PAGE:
But moderating their views for suburban moderates and their votes doesn’t seem to be a priority for an increasingly large swath of the Republican party.
An added safety net for Republicans, in competitive districts and states everywhere, is that they’re not alone in failing to understand that whipping up the base isn’t enough to win. That there aren’t enough loyalists in either camp to get their man or woman over the top when enrollments or voting patterns are fairly even.
In throwing political and ideological red meat to rabid supporters — whether it’s “stolen election” conspiracy theories or abortion restrictions on the right and “defunding” law enforcement and promoting “socialism” on the left — Republicans and Democrats alike are limiting the chances of building bridges to the moderate suburbs from their urban and rural bases.
Overdoing it on extreme positions even risks alienating members of their own party.
In the upcoming special session of Congress, while Republicans need to be careful about being opposed to funding many programs and projects that the majority of independent suburban swing voters want, Democrats also must be mindful of being seen as turning the infrastructure and social spending bills into an endless progressive wish list. Suburbanites respond poorly to bloated spending bills, which they fear will lead to higher taxes.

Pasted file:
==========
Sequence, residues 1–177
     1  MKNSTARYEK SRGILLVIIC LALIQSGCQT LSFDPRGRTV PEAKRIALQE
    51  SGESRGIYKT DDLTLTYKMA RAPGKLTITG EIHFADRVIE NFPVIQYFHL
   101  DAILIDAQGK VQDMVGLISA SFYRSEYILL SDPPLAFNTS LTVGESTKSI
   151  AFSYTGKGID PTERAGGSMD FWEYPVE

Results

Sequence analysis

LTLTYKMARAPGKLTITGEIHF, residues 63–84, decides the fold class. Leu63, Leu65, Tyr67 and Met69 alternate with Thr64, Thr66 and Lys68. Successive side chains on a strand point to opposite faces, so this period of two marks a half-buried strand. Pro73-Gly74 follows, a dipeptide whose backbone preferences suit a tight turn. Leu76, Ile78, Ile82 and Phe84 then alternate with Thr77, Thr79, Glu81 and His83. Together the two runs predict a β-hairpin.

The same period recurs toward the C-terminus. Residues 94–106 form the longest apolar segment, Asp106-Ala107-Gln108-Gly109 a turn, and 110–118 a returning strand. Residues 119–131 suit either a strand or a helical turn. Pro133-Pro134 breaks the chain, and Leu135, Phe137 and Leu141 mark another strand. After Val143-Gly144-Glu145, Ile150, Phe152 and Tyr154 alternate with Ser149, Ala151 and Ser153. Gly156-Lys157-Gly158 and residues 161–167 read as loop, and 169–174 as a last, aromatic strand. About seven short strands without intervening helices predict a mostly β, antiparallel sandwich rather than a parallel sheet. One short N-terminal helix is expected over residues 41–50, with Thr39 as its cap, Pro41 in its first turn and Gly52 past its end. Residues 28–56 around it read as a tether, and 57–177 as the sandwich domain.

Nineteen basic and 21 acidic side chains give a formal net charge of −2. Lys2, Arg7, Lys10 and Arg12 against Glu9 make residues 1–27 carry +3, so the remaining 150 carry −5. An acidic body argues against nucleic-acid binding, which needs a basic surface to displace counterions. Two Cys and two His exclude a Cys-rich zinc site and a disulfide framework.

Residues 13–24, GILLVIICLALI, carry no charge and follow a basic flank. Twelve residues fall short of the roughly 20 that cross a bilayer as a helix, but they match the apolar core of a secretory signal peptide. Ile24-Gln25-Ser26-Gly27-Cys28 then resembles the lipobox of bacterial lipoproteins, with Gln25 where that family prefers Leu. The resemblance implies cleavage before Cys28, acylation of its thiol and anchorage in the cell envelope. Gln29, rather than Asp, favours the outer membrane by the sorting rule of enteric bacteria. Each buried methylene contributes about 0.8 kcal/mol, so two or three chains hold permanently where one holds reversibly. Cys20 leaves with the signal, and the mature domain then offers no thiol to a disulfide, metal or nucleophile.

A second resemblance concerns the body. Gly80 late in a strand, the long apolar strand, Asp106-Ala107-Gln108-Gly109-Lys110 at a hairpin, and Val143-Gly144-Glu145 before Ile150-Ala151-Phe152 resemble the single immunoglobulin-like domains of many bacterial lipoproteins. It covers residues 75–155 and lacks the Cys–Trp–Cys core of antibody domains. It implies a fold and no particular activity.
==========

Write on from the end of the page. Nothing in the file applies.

Sans expletives, Podesta is sounding a warning that isn’t all that different than Barr’s.
Even the perception of compromise would go a long way to assuring middle-of-the-road voters, a decisive number of whom live in the suburbs.
Whether it’s because they don’t understand the power of the suburbs, or the sensibilities of its voters — or whether they simply don’t care because they run in deep red or blue districts — politicians who stray too far from the suburban middle put the future of their parties in peril.
Just as Barr warned the now ex-president.